Adventures in Food

11 Mar 2016

Over the past year, the food and beverage industry has embraced people’s growing appetite for experiences – in fact, F&B events and dining experiences were Eventbrite’s fastest growing event category in 2015. More and more brands are beginning to realise in order to stand out they need to think up more creative ways to engage with their consumers. A simple supper club no longer cuts the mustard. Many big brands are turning to experiential pop-ups in order to create a new USP and get people talking. The F&B industry in particular has been cooking up some seriously creative offerings. From trees that grow yoghurts to indoor cola rain rooms, we’ve picked four of our favourite F&B pop-ups to showcase how it’s done.

Reimagine the product – Cadbury's Creme Egg Cage

Creme Egg

For this year’s Creme Egg season (yes, that exists) Cadbury’s decided to give its fans a new way to experience their favourite treat. Turning an old Soho townhouse into a 3 floor restaurant, dedicated to Creme Egg themed gastronomy. The menu includes egg and soldiers, Creme Egg tray bake, and strawberries and creme (egg) – of course! There’s also a take away Creme Egg toasties bar, for those who missed out on a restaurant reservation.

Creme Egg

Although it wont be winning any Michelin stars anytime soon, bookings for lunch and dinner sold out almost immediately. For Claire Low, the marketing manager at Creme Egg, the response was overwhelming, “we put 50 per cent of the bookings online, and they were all sold-out within one hour. I think we’ve given the café a twist, a charm and a real uniqueness that only Creme Egg could do.”

Play with the senses – Pepsi Max Cherry Rooms

Pepsi Rain Room

To promote their Cherry Max flavour, Pepsi teamed up with The Robin Collective to create an immersive edible journey like no other. The pop-up was located at the top of Brick Lane and decorated to look at first like an unassuming soda shop. However, on entering visitors were guided through a secret entrance to start their journey of taste and discovery. Playing on all the senses, interactive elements included sense sound stations, an edible cherry tree, molecular mocktails, a scented vortex cannon and the UK’s first cola rain room and edible indoor cherry tree – the Pepsi Max Cherry Rooms was a gastronomical adventure for Pepsi lovers and creative foodies alike.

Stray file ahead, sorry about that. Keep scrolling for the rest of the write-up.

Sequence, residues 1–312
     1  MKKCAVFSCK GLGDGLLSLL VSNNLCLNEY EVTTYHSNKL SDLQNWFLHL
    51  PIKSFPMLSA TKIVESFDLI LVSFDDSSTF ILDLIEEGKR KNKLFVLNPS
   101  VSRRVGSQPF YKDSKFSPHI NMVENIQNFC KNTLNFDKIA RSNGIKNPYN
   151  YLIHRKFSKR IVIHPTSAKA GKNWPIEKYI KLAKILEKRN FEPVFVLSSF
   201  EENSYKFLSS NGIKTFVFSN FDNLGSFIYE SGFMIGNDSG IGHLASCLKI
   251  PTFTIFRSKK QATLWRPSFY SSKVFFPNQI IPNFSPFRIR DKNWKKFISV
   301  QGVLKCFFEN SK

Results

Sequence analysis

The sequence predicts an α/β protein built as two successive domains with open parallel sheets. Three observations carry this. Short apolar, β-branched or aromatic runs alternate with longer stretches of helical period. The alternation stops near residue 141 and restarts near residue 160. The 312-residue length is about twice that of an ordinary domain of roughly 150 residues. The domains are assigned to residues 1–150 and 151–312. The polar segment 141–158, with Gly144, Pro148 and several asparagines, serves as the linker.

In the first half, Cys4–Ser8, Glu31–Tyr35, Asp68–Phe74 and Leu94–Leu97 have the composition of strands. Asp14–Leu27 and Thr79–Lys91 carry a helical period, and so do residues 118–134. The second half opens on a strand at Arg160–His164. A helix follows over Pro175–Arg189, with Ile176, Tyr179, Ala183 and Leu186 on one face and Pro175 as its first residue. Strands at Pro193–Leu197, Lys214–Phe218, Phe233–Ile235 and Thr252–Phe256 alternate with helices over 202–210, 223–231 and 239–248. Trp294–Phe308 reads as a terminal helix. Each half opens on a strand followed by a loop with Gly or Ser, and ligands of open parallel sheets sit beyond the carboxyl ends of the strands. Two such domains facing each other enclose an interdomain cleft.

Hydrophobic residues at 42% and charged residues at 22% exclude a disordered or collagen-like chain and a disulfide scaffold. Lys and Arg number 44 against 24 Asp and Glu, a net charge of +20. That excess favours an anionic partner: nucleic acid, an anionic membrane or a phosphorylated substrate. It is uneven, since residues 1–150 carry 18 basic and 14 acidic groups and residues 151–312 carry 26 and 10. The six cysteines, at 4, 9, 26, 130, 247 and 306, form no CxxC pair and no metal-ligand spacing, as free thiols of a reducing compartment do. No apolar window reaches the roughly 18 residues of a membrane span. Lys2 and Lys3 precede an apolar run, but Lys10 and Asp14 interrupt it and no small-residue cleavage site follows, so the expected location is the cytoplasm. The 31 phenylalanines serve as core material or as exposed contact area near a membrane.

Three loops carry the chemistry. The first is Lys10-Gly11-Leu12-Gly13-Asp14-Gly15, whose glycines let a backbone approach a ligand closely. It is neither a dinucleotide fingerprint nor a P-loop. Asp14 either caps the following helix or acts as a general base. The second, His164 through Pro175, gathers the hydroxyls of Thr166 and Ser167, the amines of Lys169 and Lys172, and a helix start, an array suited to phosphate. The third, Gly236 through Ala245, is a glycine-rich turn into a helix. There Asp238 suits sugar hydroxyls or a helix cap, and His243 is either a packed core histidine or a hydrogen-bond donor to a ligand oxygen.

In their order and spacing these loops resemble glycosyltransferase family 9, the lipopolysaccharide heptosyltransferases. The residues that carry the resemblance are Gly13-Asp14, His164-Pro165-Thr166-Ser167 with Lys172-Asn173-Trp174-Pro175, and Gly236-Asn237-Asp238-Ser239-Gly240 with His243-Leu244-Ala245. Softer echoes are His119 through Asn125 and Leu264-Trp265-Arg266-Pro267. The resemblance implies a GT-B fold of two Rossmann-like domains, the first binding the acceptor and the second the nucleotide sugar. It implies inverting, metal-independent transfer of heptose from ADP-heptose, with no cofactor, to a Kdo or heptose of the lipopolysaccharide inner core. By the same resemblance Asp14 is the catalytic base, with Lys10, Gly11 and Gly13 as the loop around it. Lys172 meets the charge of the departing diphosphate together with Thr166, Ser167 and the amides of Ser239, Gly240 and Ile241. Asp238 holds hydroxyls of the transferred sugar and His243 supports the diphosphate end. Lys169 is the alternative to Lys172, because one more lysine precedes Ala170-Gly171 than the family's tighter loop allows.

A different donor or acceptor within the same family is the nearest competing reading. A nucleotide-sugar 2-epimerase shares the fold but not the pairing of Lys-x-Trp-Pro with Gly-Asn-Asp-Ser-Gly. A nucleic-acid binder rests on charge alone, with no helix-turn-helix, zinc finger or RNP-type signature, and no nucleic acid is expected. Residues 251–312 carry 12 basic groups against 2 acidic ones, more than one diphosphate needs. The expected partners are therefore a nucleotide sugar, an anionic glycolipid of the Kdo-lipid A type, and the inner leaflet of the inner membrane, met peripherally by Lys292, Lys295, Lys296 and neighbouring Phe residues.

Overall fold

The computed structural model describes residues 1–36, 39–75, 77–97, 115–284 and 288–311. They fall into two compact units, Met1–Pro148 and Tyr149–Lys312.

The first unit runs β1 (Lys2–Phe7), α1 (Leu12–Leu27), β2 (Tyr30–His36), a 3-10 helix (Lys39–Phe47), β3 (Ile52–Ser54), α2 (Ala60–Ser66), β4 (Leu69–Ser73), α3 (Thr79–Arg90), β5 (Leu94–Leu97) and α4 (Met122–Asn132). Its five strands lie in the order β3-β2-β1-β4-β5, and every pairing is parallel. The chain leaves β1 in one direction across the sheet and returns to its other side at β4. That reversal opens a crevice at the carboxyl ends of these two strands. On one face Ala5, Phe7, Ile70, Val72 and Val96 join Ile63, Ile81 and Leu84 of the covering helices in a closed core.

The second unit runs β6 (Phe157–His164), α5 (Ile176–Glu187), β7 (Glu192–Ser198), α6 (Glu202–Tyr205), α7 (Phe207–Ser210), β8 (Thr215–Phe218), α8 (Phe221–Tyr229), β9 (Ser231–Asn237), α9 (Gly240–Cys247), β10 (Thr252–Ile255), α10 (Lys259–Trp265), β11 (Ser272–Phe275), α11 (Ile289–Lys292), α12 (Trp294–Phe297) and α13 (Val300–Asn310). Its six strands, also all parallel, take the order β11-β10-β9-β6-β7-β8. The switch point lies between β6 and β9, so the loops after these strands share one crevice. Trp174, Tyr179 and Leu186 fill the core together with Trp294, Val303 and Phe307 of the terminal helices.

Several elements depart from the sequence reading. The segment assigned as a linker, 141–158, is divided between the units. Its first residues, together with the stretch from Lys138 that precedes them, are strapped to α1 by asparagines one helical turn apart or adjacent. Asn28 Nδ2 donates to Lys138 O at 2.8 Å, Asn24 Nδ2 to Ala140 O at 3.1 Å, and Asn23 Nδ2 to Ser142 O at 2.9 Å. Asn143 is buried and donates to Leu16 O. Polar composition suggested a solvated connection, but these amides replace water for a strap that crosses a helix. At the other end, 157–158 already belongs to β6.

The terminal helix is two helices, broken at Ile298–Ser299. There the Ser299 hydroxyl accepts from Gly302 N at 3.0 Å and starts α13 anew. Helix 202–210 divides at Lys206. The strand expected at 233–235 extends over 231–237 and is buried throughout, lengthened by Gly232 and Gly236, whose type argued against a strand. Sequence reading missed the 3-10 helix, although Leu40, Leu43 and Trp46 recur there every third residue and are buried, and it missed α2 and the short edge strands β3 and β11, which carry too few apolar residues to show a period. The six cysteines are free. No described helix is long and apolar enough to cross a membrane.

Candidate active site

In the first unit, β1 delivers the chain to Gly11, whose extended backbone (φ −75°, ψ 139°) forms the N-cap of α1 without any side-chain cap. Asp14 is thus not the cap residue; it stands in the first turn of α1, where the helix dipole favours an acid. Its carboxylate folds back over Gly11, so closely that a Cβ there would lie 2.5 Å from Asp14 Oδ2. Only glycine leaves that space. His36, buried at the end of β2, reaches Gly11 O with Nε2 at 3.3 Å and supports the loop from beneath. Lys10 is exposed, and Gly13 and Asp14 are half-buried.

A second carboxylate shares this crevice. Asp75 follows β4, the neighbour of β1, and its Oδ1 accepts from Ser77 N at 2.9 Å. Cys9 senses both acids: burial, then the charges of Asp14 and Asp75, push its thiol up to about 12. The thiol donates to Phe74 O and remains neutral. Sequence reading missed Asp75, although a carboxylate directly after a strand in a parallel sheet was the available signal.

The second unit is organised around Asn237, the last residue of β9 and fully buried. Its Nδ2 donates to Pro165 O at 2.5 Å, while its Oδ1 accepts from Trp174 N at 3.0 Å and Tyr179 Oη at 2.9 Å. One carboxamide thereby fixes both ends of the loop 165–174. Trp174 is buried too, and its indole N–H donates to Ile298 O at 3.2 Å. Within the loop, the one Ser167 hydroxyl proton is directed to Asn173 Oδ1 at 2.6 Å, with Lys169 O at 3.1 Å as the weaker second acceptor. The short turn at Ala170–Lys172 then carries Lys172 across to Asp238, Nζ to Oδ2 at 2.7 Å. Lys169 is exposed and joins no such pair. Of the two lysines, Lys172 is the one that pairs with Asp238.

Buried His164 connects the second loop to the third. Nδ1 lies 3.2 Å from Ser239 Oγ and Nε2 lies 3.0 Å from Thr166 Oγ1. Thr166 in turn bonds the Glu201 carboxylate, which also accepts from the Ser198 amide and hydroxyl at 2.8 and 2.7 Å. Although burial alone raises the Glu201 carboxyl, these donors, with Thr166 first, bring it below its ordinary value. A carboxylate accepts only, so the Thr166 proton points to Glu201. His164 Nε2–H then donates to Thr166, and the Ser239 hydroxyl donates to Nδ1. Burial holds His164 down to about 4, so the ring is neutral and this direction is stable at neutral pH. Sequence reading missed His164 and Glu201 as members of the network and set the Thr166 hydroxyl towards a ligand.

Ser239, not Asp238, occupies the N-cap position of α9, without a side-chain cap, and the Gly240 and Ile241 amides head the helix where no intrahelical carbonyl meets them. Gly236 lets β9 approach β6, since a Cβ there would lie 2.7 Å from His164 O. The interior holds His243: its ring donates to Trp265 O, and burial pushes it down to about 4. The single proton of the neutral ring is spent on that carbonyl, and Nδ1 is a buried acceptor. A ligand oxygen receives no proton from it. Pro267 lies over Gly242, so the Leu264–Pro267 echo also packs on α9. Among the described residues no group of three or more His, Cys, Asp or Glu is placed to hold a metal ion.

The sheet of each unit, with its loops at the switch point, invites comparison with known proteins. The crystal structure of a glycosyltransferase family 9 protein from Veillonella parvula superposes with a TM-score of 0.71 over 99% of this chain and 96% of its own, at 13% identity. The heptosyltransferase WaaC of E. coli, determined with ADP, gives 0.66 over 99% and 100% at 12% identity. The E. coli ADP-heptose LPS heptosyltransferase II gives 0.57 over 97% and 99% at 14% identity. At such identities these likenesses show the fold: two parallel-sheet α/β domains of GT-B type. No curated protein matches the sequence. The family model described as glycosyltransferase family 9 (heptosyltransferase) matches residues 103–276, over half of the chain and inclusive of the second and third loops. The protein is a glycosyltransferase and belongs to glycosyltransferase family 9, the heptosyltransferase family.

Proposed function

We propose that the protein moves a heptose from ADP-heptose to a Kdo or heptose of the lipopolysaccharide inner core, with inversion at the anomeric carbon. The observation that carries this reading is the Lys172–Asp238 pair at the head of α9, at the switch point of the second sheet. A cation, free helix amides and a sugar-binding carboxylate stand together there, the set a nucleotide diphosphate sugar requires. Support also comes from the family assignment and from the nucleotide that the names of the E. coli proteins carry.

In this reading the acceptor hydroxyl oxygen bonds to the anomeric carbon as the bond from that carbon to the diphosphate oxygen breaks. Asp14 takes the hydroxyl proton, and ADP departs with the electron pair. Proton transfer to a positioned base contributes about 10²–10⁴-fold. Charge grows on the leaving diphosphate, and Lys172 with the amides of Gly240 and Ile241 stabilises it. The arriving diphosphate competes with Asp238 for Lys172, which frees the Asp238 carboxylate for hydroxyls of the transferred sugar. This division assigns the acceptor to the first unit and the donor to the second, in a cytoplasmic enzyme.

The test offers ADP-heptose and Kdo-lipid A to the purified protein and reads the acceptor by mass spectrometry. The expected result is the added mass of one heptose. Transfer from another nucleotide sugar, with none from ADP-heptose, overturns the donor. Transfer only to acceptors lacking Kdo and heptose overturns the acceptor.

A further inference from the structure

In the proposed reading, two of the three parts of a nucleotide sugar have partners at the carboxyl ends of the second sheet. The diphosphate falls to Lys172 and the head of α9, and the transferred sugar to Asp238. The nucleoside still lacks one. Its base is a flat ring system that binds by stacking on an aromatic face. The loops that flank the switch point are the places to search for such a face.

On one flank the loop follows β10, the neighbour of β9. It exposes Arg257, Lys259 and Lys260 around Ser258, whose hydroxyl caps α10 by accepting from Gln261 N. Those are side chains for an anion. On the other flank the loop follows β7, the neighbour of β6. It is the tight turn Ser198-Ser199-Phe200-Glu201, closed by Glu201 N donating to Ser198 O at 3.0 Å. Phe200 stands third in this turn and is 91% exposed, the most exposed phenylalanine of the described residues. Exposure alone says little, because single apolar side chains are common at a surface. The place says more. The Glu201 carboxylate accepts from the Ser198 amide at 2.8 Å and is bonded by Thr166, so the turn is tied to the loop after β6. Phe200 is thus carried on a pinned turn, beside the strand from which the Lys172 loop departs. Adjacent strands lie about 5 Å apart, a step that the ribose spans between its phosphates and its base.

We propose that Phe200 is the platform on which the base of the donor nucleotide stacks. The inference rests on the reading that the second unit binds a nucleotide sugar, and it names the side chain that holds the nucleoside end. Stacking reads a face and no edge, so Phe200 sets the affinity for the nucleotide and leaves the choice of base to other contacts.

Pepsi Mocktail

Pepsi Max’s Marketing Manager, Alexandra Nicholas, explained, "this bold, sensory experience builds on Pepsi Max’s dedication to creating genius and unexpected moments for our consumers. Understanding how different environments and surrounding factors impact on our experience of taste is such an interesting area of study and a huge trend that, like Pepsi Max, is about pushing the parameters of possibility."

Make it social – Lyles Selfie Service Cafe


When Lyles Golden Syrup found out that one third of Brits don’t crack a smile before breakfast, they decided to do something about it. Taking over our space on Bedford Street, they created the world’s first ‘Selfie-Service Café.’ Serving up golden syrup pancakes and porridge, Lyles uniquely allowed customers to pay for their food simply by uploading a selfie on Facebook, Twitter or Instagram.


Whilst it was never going to be a money spinner, the pop-up caught the attention of the press and during the 3 days it was open Lyle’s received 100’s of mentions on social media, with happy customers using the hashtag #SmilesWithLyles.

Tell a story – Onken's Urban Fruit Grove


To promote their 3 new varieties of Greek style yogurt – apple and spiced cinnamon, lemon and tangy raspberry, rhubarb and fiery ginger – Onken created a Greek themed adventure staring a 6ft Greek statue called Dairyus, which culminated in a pop-up fruit grove. In the week leading up to the opening of the pop-up, Dairyus made his way from Greek Street, Leeds across the country to Greek Street, London. There were plenty of photo opportunities along the way, with Dairyus being snapped at pit stops including fruit farms, Roman Baths and Brighton Pier. The photos were then used to build the hype on social media using the hashtag #GoGreek.

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When Dairyus finally arrived in London the pop-up opened. To encourage people to test the new flavours, Oaken created a fruit grove where visitors could quite literally pick from 3 varieties of yogurt hanging from trees. Whilst the yoghurt was free, a BYOS policy – bring your own spoon – was encouraged in order to gain entry. And of course, there was an opportunity to pose for photos in store with the now infamous Dairyus.

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